|The children sang and recited on Palm Sunday. I
preached. Guess |
who made the bigger impact. (14 Apr. 2019 – Geitawi - Beirut)
A couple weeks ago, as I was doing some errands on foot, two different drivers, within thirty seconds of each other, stopped me to ask directions to two different hospitals in my neighborhood. A good test of my Arabic proficiency, now that I’m back to taking lessons for the last three months (at the nearby Armenian Evangelical high school). I was able to successfully understand their questions (in Arabic) and answer them correctly (in Arabic). Anyway, I hope so. Maria put it succinctly: “The problem is you look like you’re from here, which you’re not, and I look like I’m from somewhere else, which I’m not.”
|Union President Rev. Mgrdich Karagoezian delivers
benediction at the annual Easter Sunrise (this year, "Rainrise")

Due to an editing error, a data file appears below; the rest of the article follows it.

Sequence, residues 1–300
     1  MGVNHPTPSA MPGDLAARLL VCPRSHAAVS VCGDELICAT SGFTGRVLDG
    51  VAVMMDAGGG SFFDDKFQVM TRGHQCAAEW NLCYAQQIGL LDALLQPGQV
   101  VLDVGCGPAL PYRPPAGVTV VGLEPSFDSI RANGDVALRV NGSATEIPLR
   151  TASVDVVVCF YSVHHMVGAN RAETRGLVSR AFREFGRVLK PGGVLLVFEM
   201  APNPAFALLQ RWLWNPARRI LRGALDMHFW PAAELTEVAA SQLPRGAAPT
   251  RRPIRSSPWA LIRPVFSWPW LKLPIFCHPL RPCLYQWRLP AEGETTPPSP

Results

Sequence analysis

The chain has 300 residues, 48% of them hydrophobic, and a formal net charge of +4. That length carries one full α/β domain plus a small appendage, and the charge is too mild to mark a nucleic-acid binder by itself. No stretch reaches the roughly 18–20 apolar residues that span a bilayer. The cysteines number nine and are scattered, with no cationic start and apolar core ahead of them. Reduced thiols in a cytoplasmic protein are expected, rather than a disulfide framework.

Service at KCHAG Conference Center. (21 Apr. 2019 – Monteverde)
Strange coincidence, though, that I would be asked how to get to those hospitals, when we are living (and I am working) in what used to be a third hospital in our sector (Geitawi) – the former Christian Medical Center (CMC). When it was built (exactly 70 years ago), it was the largest of the three. And it was the one that had a reputation for accepting patients that the other two hospitals would turn away for lack of money. The other two are still operating, and expanding, and they have helipads on their roofs, and they still will turn away uninsured patients without up-front money.
|On the wall of the Torossian Arm. Evang.
Intermediate School: “We will remember
and demand”. (21 Apr. 2019 – Baouchrieh)
The CMC building is no longer a hospital (since the late 70s/early 80s), but is now our church Union’s headquarters (after a decade as Haigazian’s temporary campus, until 1996). Still, it’s interesting how many people we run into – shopkeepers, taxi drivers, etc. – who remember CMC, and who were either born here or were treated here after being turned away from those other hospitals.